At Kelley Blue Book Inc., nothing new is done without a road map.
As owners of the venerable Kelley Blue Book car-pricing manual, the company, based in Irvine, Calif., employs Web data analysts who spend months determining how visitors navigate its Web site before recommending new tools and changes to Web developers.
"Were a conservative company and not the kind that runs out and launches new tools," said Stephen Henson, vice president of marketing and business development of Kelley. "Web analysts are critical in our ability to make changes that please visitors at our site."
Employing Web data analysts has paid off. In April, Jupiter Media Metrix Inc., in New York, ranked Kelley Blue Books site, www.kbb.com, among the top 10 automotive-related Web sites.
But Web data analysts dont come cheap. Nor are they easy to find. According to Gartner Inc., in Stamford, Conn., the current lack of brainpower available to interpret Web data means demand for analytic talent far outweighs supply—by at least 2-to-1. And, by 2005, enterprises will need three times as many professionals on their analytics staffs as they do today, according to Gartner, as they launch a bevy of e-business services focused on wireless and business-to-business deployments. That means even enterprises willing to shell out big bucks for qualified analysts will have trouble finding them.
The duties of these coveted professionals include translating the data of e-business operations—everything from the tools visitors use on a Web site to how they navigate from page to page. Using this information, Web analysts rate customer experience and return on investment to determine which Web initiatives should get highest priority.
Attributes needed for the job include statistical skills, IT savvy and project management experience.
Henson said hes looking for people who are comfortable with Web site development and have a good sense of the experience Kelley Blue Book would like to provide its customers.
Web analysts are considered so crucial to e-business success, enterprises today are doing some analyzing of their own—by unfreezing hiring budgets so they can hire these experts. At Kelley, Henson spent months looking for a Web analyst. Having no luck on his own, he resorted to asking Web analytics software vendor WebTrends Corp. to recommend job candidates to fill two positions.
Henson said he considers Web analysts to be critical to his ability to understand, for example, why site changes cause visitors to stop clicking on a particular link or start clicking on it five times more often than usual. Without such analysis, he said, there is no way to know whether Kelley is seeing a return from e-business investments.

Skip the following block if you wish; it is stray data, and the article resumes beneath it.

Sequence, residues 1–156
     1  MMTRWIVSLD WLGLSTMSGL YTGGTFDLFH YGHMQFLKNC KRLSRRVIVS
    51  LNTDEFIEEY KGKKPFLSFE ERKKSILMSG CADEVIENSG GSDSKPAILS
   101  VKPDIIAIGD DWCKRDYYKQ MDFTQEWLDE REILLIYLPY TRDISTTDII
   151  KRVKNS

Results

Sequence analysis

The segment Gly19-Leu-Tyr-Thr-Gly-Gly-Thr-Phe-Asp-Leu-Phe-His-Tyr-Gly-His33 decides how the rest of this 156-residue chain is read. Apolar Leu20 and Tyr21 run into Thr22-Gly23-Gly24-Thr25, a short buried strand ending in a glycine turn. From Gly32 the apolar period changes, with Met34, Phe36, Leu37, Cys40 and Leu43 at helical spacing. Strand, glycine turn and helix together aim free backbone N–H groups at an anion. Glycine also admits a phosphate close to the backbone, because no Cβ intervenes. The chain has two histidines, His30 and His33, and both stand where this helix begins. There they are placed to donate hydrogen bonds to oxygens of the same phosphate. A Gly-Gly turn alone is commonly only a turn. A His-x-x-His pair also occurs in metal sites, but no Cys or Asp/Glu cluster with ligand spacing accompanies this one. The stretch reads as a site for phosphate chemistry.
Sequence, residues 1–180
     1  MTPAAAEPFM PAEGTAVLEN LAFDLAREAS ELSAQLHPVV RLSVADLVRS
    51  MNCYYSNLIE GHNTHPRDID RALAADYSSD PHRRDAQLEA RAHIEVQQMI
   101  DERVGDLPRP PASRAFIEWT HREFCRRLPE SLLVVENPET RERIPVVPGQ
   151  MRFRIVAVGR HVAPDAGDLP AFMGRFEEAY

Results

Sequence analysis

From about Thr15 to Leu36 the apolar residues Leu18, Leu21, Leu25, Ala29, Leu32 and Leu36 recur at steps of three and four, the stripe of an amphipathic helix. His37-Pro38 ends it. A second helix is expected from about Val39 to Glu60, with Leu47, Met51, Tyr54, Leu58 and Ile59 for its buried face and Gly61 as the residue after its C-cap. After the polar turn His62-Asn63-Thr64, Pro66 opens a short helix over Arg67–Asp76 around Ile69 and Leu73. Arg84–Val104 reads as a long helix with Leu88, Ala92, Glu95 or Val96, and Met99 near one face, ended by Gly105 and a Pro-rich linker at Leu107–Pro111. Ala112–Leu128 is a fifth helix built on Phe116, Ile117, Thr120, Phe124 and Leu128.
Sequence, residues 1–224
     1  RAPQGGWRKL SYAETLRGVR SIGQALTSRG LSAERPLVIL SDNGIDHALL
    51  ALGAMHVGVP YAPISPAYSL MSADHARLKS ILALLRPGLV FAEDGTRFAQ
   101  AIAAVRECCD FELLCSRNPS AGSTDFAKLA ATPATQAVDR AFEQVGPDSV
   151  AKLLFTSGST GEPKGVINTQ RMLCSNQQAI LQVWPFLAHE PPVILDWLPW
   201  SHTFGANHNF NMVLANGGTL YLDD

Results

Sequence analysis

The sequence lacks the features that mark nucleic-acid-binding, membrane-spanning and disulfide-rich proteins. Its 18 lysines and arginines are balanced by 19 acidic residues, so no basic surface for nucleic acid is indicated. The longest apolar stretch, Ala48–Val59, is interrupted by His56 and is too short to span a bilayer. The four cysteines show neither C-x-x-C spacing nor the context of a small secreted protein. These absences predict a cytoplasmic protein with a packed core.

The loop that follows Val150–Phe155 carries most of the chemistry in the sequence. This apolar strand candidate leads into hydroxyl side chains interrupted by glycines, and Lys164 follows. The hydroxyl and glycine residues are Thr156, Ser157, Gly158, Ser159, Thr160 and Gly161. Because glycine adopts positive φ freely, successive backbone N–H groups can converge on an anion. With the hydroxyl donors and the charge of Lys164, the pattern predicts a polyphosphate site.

Finally, last month, Kelley filled one position. The analyst is so highly valued that Henson jokingly refuses to release the employees name or reveal details on how he found this person.
One of these oh-so-coveted pros is Paul Lively, Web traffic manager at car site Edmunds.com Inc., in Santa Monica, Calif. Edmunds.com employs six people in a dedicated data services team that analyzes Web site traffic and activity. Web analytics is such a new job role, Lively had no idea Web analysts were in such high demand. "For a lot of us, its a growing field thats very new," Lively said. "The fascinating thing is, you have such a wide variety of activity you can study. The challenging part is trying to draw conclusive results and determining what numbers are really applicable to the business."
Lively, a political science major in college, began his career at a vitamin and drug manufacturer working with databases and managing sales and analysis. Even without Internet experience, he said, analytical and database skills were easily transferable when he jumped to an Internet company. "You pick up skills as you go along by working with scripts, interfacing with programmers, learning to overcome technical hurdles," he said. "I have a social science background, and here I am doing analysis for the Internet."
Adding to the scarcity of these skills is that no formal education—not even certification—exists for Web analytics. But, as pointed out by Frank Buytendijk, a Gartner analyst based in the Netherlands, most large companies already have an untapped pool of employees similar to Lively—employees found particularly in IT and business intelligence units who are capable of doing the job. The reason companies tend to be blind to such employees potential, Buytendijk stresses, is that executives are too quick to dismiss the job of Web analyst as something only Webmasters can take on.
But experts say that smart businesses will recognize the raw potential for Web analysts—before employees recognize their own potential and take it elsewhere. "Analyst skills are too scarce, too valuable and too expensive to leave scattered through the enterprise," Buytendijk said. "These are people who will see their own value as well and will leave if they are not offered a more strategic opportunity."